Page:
UPDATE 1-Biggest ever demand by dealers at Fed's TSLF auction

(Adds context, analyst comment)

NEW YORK, July 24 (Reuters) - Primary dealers flocked to the Federal Reserve’s 28-day, $25 billion Term Securities Lending Facility auction on Thursday, showing the biggest demand since this program was introduced in March to provide Treasuries in exchange for riskier collateral.

“This data suggests a greater dependence on the Fed,” said Ward McCarthy, managing director with Stone & McCarthy Research Associates, in Princeton, New Jersey.

Primary dealers submitted $51.72 billion of bids for the $25 billion of Treasuries offered at the auction in exchange for riskier Schedule 1 collateral, generating a bid-to-cover ratio -- an indication of demand -- of 2.07, the highest ever and well above the 0.85 bid-to-cover at a similar auction of the same size earlier this month.

“These auction results suggest that there must be some type of disinclination to do term repo, with some type of dislocation in the term repo market, and that there are some holders of mortgage securities out there who are looking for ways to finance them,” McCarthy said.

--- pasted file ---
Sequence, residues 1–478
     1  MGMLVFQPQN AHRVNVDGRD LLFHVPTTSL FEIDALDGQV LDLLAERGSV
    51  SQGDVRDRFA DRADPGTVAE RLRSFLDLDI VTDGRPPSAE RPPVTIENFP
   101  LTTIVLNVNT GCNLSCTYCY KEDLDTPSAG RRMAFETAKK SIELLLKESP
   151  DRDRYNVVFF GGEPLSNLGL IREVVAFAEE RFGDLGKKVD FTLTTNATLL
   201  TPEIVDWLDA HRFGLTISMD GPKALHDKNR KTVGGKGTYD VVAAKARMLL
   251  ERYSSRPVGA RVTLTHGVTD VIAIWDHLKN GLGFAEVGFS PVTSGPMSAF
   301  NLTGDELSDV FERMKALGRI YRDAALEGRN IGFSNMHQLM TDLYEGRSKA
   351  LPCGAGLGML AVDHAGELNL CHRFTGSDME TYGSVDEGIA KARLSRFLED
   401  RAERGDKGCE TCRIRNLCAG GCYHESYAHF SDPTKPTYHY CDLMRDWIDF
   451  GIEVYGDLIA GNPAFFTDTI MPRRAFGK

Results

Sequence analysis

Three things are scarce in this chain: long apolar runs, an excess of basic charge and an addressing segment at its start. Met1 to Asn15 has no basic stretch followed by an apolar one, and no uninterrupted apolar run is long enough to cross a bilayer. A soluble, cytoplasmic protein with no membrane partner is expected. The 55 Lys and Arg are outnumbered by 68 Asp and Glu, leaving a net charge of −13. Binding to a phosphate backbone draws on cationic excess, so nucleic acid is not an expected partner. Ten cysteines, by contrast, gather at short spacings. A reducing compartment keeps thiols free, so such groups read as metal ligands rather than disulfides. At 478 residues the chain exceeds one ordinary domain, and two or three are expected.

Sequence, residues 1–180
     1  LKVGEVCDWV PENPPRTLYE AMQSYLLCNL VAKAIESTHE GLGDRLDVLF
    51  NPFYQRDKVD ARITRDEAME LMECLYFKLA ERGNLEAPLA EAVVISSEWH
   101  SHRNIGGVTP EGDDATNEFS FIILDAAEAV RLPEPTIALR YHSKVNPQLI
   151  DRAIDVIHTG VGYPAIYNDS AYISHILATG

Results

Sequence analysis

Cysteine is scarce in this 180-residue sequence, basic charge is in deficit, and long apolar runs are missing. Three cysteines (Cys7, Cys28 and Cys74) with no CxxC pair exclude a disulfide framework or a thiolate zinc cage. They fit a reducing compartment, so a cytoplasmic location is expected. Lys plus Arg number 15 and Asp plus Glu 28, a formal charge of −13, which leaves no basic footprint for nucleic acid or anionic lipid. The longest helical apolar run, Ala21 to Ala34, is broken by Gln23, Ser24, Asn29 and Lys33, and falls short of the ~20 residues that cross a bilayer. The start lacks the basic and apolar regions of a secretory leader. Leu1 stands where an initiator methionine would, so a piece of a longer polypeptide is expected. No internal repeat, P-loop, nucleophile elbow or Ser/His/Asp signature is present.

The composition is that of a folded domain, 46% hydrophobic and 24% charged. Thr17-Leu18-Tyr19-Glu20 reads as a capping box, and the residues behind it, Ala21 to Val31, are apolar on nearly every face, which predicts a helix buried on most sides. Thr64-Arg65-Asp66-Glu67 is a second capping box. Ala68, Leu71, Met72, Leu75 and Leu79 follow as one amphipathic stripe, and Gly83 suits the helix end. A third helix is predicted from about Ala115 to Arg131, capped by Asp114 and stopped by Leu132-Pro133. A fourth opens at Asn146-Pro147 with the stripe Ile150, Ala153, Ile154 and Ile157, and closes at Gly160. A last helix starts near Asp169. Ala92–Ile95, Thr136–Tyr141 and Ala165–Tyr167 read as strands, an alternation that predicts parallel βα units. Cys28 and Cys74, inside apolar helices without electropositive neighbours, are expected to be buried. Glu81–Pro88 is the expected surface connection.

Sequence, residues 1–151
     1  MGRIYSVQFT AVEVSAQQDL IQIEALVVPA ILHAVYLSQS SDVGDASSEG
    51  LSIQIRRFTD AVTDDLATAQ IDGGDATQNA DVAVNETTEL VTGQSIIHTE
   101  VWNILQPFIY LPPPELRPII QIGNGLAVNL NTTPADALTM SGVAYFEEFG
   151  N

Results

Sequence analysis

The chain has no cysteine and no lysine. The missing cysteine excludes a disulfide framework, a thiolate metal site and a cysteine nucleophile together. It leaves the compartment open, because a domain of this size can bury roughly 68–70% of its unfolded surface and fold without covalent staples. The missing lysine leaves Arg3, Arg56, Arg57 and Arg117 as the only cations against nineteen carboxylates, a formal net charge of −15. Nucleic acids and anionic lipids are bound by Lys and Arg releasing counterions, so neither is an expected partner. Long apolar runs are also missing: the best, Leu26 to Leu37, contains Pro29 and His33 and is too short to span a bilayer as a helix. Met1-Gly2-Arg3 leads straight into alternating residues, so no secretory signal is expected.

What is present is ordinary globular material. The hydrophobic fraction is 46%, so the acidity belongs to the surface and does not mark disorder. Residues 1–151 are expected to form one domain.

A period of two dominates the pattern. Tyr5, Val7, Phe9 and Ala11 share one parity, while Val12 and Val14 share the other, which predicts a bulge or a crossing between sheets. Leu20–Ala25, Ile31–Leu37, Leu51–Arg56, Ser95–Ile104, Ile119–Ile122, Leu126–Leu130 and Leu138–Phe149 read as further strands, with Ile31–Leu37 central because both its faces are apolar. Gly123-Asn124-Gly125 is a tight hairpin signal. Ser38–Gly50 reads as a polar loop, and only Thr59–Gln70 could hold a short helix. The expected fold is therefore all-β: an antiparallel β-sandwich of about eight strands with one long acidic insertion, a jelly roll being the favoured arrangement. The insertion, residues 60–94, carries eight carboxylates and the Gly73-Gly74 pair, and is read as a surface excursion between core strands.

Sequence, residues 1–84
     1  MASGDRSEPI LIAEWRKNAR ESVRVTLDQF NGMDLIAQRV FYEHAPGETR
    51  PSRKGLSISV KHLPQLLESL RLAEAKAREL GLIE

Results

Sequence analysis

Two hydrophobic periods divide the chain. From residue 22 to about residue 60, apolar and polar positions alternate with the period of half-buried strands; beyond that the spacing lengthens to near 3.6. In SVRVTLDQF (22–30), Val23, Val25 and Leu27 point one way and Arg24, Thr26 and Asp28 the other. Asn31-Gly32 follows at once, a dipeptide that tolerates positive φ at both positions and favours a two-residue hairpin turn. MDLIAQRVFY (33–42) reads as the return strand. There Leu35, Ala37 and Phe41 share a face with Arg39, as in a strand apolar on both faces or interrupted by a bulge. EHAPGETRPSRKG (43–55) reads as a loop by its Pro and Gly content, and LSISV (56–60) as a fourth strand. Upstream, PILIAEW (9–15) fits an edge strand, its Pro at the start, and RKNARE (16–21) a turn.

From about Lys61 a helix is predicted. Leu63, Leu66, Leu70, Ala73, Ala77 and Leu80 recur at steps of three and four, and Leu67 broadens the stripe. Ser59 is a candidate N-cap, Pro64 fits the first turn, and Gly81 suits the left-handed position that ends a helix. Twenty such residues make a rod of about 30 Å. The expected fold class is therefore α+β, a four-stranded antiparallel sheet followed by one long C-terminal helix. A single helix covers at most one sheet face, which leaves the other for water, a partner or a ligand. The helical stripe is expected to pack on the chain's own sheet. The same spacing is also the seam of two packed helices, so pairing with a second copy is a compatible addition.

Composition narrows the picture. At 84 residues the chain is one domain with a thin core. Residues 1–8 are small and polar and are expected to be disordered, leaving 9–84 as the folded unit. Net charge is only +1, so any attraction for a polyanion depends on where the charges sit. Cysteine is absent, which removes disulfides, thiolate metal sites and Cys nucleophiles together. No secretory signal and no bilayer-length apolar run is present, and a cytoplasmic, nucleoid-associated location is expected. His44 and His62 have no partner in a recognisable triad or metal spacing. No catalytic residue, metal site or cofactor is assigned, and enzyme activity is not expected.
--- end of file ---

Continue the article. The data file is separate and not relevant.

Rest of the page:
The TSLF facility is one of several programs the Fed has brought in during recent months as lifelines to the cash-strapped financial sector.

With the recent rebound in prices of riskier fixed income securities after the government's July 13 announcement of a support plan for Fannie Mae FNM.N and Freddie Mac FRE.N, some dealers may be seizing advantage of a moment to park mortgage securities with the Fed at attractive levels, analysts said.

“You use the Fed as a shoulder to get through this time period,” said George Goncalves, chief Treasury/TIPS and agency strategist with Morgan Stanley in New York.

“It is partly due to the uncertainties going on in the mortgage market and with GSEs and not knowing exactly how things are going to unfold,” Goncalves said.

The TSLF enables dealers to temporarily lodge riskier securities they have on their books with the central bank, converting these into Treasuries which can be exchanged for cash in the U.S. repurchase market, to help shore up balance sheets that have been depleted by the credit crisis.

But some analysts viewed Thursday’s auction results as a sign that non government bond markets were recovering somewhat.

"Spread products have done better in the wake of the government plan to help Fannie/Freddie; with positions built up, those positions need to be financed," said Lou Crandall, chief economist at Wrightson ICAP, in Jersey City, New Jersey. "So this is a positive sign," said Crandall. (For more details clickhere) (Reporting by John Parry, Tamawa Kadoya and Chris Reese; Editing by James Dalgleish)